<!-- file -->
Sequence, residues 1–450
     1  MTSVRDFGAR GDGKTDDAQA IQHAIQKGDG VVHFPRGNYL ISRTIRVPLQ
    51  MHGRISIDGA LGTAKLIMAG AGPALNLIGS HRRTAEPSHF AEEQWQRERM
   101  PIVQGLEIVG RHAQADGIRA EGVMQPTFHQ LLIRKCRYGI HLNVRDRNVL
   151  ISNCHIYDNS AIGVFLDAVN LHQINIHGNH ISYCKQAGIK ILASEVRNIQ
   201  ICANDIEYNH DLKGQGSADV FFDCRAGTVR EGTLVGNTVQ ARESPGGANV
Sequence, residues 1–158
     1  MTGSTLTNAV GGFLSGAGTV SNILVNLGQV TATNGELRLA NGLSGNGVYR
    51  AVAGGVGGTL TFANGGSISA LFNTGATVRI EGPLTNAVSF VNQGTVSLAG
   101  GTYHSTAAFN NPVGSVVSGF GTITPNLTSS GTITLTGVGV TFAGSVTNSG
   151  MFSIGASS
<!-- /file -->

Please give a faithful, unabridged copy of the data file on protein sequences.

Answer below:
Sequence, residues 1–450
     1  MTSVRDFGAR GDGKTDDAQA IQHAIQKGDG VVHFPRGNYL ISRTIRVPLQ
    51  MHGRISIDGA LGTAKLIMAG AGPALNLIGS HRRTAEPSHF AEEQWQRERM
   101  PIVQGLEIVG RHAQADGIRA EGVMQPTFHQ LLIRKCRYGI HLNVRDRNVL
   151  ISNCHIYDNS AIGVFLDAVN LHQINIHGNH ISYCKQAGIK ILASEVRNIQ
   201  ICANDIEYNH DLKGQGSADV FFDCRAGTVR EGTLVGNTVQ ARESPGGANV
Sequence, residues 1–158
     1  MTGSTLTNAV GGFLSGAGTV SNILVNLGQV TATNGELRLA NGLSGNGVYR
    51  AVAGGVGGTL TFANGGSISA LFNTGATVRI EGPLTNAVSF VNQGTVSLAG
   101  GTYHSTAAFN NPVGSVVSGF GTITPNLTSS GTITLTGVGV TFAGSVTNSG
   151  MFSIGASS